Madame Bovary by Gustave Flaubert

Madame Bovary, for years the symbol of wifely infidelity, is a tragic figure in Classic French literature. Married to a widower at a young age, her grandiose notions and desperate search for intoxicating happiness drains every crumb of decency and grace from the lives of her and her family. A true tragedy, Madame Bovary is both a shocking revelation to the people of the time and a cruel morality tale, reminiscent of Romeo and Juliet except without the everlasting fidelity and true love.

Madame Bovary begins as a sweet young girl, loved by her father and schooled in a convent as such proper, beloved young ladies ought. While at the convent, she is exposed to romantic novels and stories, the kind that nowadays would have Fabiola or his sort on the cover. The women in the stories are consumed by love for their heroic renaissance men. The men in the stories know everything and do everything perfectly romantically, perfectly heroically, and perfectly everythingly. Of course we all know those stories set unreasonable expectations but no one told little miss who would later become the wife of a boring but doting widower that expecting her husband to live up to those heroes was destined to make her unhappy.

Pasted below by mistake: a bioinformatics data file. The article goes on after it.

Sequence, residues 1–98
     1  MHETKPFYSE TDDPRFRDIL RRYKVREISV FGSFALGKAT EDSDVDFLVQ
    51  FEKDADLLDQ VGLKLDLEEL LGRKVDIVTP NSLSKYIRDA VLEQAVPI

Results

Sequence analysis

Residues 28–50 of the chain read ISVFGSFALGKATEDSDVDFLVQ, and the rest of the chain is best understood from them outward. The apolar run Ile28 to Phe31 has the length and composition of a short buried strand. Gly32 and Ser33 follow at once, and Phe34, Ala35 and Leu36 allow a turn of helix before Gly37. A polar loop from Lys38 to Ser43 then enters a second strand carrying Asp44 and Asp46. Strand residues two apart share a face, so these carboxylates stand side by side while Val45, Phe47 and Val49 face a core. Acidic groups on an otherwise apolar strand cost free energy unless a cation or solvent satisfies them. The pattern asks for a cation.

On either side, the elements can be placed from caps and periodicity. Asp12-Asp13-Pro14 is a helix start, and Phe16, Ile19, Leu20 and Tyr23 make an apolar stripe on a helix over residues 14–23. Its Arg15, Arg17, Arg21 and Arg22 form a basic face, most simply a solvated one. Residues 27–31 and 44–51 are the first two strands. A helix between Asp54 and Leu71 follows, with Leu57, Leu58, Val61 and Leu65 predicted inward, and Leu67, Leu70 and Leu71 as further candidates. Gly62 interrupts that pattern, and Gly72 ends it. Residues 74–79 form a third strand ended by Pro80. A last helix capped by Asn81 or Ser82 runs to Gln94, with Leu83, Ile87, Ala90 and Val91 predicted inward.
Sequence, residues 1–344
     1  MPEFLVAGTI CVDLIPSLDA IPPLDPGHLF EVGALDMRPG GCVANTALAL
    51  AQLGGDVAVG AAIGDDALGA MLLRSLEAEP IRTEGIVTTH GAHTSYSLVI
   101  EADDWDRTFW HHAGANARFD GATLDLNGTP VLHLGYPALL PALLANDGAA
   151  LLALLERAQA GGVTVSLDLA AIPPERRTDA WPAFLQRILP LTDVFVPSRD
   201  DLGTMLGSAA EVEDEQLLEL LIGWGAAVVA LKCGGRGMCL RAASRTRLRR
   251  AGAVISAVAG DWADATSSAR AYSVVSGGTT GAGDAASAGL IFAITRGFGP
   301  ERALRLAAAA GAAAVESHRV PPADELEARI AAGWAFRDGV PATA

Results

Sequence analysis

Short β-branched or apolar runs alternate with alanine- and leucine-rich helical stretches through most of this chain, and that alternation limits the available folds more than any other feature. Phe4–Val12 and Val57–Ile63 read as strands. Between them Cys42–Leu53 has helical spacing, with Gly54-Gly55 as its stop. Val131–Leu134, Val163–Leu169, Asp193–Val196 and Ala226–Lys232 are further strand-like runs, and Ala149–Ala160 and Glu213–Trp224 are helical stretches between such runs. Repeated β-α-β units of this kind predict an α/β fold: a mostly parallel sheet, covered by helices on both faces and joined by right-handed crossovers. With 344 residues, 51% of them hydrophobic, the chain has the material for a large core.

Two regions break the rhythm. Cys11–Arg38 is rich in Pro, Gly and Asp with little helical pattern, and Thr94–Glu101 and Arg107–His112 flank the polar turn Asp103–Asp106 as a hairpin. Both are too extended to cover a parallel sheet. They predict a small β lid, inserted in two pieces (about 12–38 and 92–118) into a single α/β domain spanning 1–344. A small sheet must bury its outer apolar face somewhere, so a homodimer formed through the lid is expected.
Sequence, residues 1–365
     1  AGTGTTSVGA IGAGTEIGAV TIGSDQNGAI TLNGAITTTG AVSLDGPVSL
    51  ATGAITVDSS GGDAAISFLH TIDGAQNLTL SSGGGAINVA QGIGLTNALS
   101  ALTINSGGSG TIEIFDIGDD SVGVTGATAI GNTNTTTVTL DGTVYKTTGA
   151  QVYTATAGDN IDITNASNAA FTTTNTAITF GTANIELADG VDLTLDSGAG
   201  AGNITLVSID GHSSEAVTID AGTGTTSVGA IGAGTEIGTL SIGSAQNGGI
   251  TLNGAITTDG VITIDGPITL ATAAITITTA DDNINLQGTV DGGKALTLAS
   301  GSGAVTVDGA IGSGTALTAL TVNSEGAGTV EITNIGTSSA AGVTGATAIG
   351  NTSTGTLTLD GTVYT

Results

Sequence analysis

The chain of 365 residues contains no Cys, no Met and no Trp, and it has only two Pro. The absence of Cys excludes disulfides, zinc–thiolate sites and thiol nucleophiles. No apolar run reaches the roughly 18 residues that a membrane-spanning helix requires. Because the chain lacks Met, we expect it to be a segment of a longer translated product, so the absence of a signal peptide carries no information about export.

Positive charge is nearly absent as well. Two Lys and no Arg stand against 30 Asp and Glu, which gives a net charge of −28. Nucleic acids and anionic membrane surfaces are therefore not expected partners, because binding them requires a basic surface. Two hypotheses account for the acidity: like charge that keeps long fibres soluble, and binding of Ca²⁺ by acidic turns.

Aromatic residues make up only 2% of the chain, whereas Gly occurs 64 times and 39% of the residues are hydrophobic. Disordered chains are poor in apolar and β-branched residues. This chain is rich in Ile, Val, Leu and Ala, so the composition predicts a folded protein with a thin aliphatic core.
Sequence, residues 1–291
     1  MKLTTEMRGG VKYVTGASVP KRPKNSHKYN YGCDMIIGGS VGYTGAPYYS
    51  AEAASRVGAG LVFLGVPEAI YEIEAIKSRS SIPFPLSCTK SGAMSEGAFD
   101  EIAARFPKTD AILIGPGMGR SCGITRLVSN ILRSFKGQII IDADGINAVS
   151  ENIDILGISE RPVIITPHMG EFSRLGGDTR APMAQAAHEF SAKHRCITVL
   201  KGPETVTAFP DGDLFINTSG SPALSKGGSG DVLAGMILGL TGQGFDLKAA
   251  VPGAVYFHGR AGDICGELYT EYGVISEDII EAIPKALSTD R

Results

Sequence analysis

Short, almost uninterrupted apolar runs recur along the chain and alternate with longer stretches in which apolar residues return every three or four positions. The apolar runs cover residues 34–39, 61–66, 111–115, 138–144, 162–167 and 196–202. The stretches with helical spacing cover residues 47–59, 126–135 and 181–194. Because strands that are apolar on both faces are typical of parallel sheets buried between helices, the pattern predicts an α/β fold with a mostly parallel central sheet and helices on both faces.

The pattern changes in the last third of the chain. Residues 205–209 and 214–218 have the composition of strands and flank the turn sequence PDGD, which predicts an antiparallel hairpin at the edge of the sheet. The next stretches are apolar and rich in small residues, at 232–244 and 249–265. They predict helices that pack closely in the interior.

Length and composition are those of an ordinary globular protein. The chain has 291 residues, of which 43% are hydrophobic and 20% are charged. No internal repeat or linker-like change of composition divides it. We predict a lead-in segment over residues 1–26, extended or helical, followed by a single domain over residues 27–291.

Sure enough, after the first glow of married life wears off, Madame Bovary begins seeking emotional excitement elsewhere. Like a drug addict she needs new things and more things all the time to excite her. First it is motherhood. She vacillates between being a doting mother and not bothering to care about her daughter. After the joys of motherhood fade, she falls in love. It is a respectable, virginal love and the young man is too proper to pursue it but they both feel it. She smooths over his imperfections with feelings of loathing towards her husband. Flaubert is extremely talented at describing the emotions Madame Bovary goes through in all her cycles of joy and depression. After her young love moves away, she is seized upon by an unscrupulous bachelor and their year long affair seems incredibly indiscreet to me, but there is no indication that the village is aware of their affair. After a dramatic end to her illicit romance, she sinks into a deep depression, much like Bella Swan in modern day Twilight. She rouses from this depression when she and her husband visit the city and she is once again presented with her young love. This time both are determined to consummate this love. Another year is spent in debauchery and frivolity and by this point Madame Bovary’s spending has driven her and her husband deep into debt, with him totally unawares. Her need for novelty and intense feelings has driven her to spending the capital of her youth, energy, and money until there is not only nothing, but less than nothing left. She has ruined not only herself but her loving husband and the future of her innocent daughter. She ends her life and the last few pages describe the extent to which I she has ruined nearly every life she ever touched.